Methanol’s physical and chemical characteristics result in several inherent advantages as an automotive fuel:LOW POLLUTION
Emissions from methanol cars are low in reactive hydrocarbons (which form smog) and in toxic compounds. Methanol-fueled trucks and buses emit almost no particulate matter (which cause smoke and odor, and can also be carcinogenic), and much less nitrogen oxides than their diesel-fueled counterparts.

Methanol can be manufactured from a variety of carbon-based feedstocks such as natural gas, coal, and biomass (e.g., wood). Use of methanol would diversify the country’s fuel supply and reduce its dependence on imported petroleum.

Methanol is much less flammable than gasoline and results in less severe fires when it does ignite.

Methanol is a high-octane fuel that offers excellent acceleration and vehicle power.

With economies of scale, methanol could be produced, distributed, and sold to consumers at prices competitive with gasoline.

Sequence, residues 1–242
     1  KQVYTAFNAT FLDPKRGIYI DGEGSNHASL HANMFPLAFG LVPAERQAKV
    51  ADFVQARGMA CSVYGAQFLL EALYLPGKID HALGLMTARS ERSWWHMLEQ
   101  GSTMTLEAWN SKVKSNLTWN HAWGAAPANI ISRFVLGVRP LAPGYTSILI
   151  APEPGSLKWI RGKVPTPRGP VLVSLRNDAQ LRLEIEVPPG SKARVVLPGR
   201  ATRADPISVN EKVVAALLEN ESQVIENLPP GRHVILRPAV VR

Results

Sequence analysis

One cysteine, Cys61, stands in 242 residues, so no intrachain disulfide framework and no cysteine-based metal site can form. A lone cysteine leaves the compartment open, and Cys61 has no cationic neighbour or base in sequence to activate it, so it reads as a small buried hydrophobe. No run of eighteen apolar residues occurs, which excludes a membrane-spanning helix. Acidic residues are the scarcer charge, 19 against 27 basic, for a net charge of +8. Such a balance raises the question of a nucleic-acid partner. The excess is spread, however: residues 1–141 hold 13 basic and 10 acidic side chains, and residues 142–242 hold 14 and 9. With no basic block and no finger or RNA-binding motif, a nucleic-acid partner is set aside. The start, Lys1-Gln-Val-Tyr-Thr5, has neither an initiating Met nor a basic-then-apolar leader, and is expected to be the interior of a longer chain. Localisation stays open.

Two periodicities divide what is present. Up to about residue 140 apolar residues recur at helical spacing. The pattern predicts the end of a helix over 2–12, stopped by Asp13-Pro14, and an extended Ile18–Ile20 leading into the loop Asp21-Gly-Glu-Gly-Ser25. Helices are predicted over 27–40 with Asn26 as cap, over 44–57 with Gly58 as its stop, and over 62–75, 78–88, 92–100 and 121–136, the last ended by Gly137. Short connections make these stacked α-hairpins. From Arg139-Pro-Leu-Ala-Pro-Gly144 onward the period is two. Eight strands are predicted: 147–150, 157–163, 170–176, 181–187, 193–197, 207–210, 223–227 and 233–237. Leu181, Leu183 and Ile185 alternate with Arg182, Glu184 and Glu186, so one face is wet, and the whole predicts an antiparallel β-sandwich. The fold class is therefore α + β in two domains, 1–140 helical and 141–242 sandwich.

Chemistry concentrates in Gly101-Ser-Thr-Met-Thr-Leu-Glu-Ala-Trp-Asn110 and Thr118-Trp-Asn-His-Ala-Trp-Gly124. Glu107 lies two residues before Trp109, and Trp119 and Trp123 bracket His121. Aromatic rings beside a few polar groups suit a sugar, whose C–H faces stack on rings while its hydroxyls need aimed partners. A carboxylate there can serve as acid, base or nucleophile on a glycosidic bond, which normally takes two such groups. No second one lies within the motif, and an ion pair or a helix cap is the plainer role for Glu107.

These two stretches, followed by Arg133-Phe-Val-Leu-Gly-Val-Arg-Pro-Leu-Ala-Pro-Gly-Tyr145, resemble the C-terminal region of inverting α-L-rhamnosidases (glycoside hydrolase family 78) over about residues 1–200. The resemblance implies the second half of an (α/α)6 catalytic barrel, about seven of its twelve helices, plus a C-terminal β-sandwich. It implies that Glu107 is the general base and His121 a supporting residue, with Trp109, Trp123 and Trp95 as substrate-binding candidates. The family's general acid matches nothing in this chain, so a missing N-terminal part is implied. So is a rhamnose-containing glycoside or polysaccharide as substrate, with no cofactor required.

Because of its outstanding performance and fire safety characteristics, methanol is the only fuel used in Indianapolis-type race cars. Following a series of methanol vehicle development and demonstration programs throughout the 1980’s, a limited number of methanol passenger cars and buses are now commercially available. There are approximately 14,000 methanol passenger cars in use, mostly in Federal and private fleets, and about 400 methanol buses in daily operation, mostly in California.

Methanol is used in a number of consumer products, including paint strippers, duplicator fluid, model airplane fuel, and dry gas. Most windshield washer fluids are 50 percent methanol.

Methanol can be highly toxic and should never be taken orally. A few teaspoons of methanol can cause blindness and a few tablespoons can be fatal, if the exposure is not treated.

It should be noted that the human body can metabolize and eliminate low concentrations of methanol with no ill effects. (Methanol is present in many cooked vegetables, and the artificial sweetener in diet soft drinks breaks down into methanol during digestion.) Methanol becomes poisonous only when it overwhelms the body’s capacity to remove it. Toxic effects do not occur until several hours after exposure. Effective antidotes to methanol poisoning are readily available and can be administered during this interim period.